by Paul Nilsen
The race for tournament MVP is getting almost as hot as the Naples weather with some really great performances right across the tournament. After passing the midway point of the Championships, we focus on the leading candidates who have really shined in and around the paint.
Artemis Spanou - Greece
This ‘Marathon Girl' has played more minutes than anyone else, no mean feat when you have a bigger frame than most to have to get up and down the court and in such oppressively warm conditions. However the center has remained physically strong to do a great job for her team and is averaging a double-double. Happy posting up and getting to the hoop or kicking the ball out, she is a really solid option and it is easy to see why she is relied upon so heavily.
|Brigitta Barta's outstanding performances were not enough too keep her team from falling into the classification round|
Brigitta Barta - Hungary
On first impressions as she walks onto the court, she doesn't look like a player who can be dominant. However anything she lacks in her physical stature, she more than makes up for with her aggression. She bullies opponents into submission and gets to the hoop under pressure and usually scores or forces the foul. A natural scorer under the hoop she has been outstanding in almost every game and is a real miss for the Qualifying Round. Three double-doubles in four games and an average of 20.8 points and 12 rebounds tells the story.
Emma Meesseman - Belgium
A superb inside player, Meesseman is tall and athletic. This gives her the ability to block shots and at the time of writing, she is the leading player in that category with 3.2 per game. She is also a prolific rebounder and while she leads all of her competitors in total rebounding, her willingness to crash the boards on offence is particularly impressive and she manages to do this more than anybody else. Has also produced one of the most memorable plays of the tournament so far when against Italy, she leapt, ripped the ball out of the defenders hands and completed a great spin move. Averaging almost 15 points per game and the best finisher in the tournament, she is arguably the leading contender so far.
Christelle Diallo- France
She has shrugged off worries over an ankle injury earlier in the tournament to show she has some real class. Standing above most of her opponents, she is the focal point of the half court offence of the French team and is a capable scorer and finisher, often utilising her great strength and good eye for a put-back. However she needs to still maybe assert herself on the defensive glass to cement her place in any final tournament team.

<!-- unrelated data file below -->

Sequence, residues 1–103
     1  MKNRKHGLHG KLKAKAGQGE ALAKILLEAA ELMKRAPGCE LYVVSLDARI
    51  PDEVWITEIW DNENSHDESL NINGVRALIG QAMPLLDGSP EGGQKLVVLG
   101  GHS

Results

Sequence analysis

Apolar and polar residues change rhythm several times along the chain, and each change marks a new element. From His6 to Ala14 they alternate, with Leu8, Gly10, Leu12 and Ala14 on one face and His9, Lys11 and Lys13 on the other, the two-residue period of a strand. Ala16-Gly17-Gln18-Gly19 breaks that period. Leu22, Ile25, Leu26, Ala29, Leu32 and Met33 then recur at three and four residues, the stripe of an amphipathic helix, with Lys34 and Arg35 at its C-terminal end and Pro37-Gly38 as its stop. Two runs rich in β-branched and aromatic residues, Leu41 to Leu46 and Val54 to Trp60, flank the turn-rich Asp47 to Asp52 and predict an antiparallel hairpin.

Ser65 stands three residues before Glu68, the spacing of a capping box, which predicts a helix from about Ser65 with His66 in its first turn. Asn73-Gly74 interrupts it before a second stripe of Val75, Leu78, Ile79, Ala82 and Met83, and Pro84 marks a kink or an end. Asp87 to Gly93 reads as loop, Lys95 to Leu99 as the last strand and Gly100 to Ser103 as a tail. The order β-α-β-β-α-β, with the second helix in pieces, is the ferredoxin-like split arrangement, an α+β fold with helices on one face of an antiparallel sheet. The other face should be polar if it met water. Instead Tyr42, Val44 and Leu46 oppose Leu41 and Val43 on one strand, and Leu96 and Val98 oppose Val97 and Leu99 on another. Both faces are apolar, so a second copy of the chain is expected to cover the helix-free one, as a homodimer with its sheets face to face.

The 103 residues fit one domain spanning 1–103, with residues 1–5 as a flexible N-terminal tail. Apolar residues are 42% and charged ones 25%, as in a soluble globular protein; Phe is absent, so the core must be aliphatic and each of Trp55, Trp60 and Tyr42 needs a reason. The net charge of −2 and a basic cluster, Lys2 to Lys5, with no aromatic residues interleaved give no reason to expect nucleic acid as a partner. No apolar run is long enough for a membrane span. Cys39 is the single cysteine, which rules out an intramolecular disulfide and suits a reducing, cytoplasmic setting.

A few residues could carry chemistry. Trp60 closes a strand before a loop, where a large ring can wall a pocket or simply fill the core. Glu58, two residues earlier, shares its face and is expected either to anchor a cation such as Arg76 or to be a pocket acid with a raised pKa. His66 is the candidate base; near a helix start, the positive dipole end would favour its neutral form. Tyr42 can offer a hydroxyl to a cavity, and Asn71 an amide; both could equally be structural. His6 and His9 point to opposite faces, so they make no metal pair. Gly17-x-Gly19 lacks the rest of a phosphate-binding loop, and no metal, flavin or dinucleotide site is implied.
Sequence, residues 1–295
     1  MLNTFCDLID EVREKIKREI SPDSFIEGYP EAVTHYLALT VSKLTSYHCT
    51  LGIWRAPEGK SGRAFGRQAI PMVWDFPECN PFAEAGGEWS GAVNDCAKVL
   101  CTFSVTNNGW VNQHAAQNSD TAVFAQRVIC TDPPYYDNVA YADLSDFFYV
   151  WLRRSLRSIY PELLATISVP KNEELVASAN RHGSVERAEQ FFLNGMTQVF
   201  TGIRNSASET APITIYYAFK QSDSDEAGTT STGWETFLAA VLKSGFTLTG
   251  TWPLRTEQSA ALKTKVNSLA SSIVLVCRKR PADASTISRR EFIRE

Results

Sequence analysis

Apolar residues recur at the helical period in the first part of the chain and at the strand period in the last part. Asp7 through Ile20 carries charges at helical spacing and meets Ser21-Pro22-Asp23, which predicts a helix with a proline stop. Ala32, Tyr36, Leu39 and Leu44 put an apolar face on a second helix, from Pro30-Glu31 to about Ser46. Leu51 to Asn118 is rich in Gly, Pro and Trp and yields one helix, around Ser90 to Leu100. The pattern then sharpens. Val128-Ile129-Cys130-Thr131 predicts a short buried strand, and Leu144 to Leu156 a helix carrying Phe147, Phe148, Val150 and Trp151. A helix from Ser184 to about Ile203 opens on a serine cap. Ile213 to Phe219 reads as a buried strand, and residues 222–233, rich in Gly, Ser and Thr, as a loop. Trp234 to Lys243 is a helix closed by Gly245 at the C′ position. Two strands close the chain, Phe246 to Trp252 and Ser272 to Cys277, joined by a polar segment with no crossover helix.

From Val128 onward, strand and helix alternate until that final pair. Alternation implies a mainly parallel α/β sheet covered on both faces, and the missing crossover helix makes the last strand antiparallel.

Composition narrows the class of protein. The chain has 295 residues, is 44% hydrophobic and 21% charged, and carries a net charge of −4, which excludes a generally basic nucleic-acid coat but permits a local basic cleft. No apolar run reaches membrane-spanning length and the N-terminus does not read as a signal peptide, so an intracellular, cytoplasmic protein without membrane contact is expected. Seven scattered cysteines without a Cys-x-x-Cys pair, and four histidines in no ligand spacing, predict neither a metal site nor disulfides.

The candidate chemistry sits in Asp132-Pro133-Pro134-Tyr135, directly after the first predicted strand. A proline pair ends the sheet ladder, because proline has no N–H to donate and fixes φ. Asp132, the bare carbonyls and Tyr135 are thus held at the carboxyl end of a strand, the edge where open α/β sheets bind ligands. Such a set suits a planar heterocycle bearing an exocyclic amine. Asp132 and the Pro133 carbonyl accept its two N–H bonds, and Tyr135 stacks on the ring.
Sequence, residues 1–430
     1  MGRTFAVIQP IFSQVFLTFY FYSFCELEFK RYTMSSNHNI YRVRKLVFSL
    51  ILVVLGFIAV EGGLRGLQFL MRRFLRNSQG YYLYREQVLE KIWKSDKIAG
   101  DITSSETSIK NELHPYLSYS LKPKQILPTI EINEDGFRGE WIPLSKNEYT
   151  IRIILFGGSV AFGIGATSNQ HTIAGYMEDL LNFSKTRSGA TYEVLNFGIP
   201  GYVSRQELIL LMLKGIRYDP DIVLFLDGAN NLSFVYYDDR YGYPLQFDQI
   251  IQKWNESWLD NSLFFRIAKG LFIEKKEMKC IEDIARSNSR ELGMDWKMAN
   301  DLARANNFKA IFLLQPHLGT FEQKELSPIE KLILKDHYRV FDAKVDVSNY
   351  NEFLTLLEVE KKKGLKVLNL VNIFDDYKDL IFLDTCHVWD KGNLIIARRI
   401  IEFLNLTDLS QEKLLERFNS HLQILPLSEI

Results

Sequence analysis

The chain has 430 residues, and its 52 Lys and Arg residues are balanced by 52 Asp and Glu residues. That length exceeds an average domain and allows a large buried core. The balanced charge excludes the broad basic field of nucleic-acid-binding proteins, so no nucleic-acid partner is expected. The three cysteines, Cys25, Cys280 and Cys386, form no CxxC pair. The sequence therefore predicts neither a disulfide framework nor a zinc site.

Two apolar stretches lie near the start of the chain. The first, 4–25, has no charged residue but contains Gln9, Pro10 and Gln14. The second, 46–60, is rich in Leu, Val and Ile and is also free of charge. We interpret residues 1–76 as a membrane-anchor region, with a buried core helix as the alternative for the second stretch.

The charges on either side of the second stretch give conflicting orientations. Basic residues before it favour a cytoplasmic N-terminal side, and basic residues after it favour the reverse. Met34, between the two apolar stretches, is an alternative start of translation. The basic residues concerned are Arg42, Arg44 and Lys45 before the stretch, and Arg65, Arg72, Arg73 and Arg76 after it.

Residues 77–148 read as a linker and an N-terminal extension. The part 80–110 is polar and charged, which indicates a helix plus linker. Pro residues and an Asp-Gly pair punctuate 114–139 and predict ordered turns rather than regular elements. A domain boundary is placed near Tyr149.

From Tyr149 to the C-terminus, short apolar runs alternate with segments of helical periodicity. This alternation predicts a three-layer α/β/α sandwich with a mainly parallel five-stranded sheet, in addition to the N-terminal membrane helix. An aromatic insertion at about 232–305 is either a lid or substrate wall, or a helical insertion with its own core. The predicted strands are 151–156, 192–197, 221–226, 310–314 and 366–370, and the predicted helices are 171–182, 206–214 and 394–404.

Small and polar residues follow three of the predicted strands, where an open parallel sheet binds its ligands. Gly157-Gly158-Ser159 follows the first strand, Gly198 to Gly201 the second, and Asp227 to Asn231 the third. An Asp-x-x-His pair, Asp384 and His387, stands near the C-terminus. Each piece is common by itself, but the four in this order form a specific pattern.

|Maryna Ivashchanka contributed big numbers to secure the Div A spot for her team|
Maryna Ivashchanka - Belarus
During the initial group stages she was often the only option available for her team and yet despite defences swarming around her, she still excelled under that extreme pressure. Is a really great scorer, posting up relentlessly and getting inside. She could be described as maybe a little too one dimensional at times but to be fair, she is averaging almost 18 points per game so why change her game. Sometimes shows a reluctance to go after offensive rebounds which might seem harsh as she is fourth in the category but her weakness is definitely getting back on defence which means her defensive rebounding is almost non-existent for a player of her height.
Ivana Brajkovic - Serbia
A solid player who quietly goes about her business and rarely catches the eye but does a lot of dirty work under the boards for her team. Uses her size very well to manoeuvre cleverly into positions so she can efficiently box out on defence. This has proved to be critical for her team and she is also averaging a tournament double-double.
Ksenia Tikhonenko - Russia
Averaging 15 points and almost 10 rebounds per game is never easy. It is even more difficult when your coach has the philosophy of limiting the minutes of every player. Tikhonenko has been up and down but even if she ever drops below her highest standard it is still better than most. While Coach Arkhipova Von Kalmanovich protests that she does not have any stars, the fact that Russia went to Tikhonenko for more than half of their offences against Poland underlines her importance.
Janniina Koivunen - Finland
Vita Zilinskaite - Lithuania
Ieva Kazlauskaite - Lithuania
Elin Gustavsson - Sweden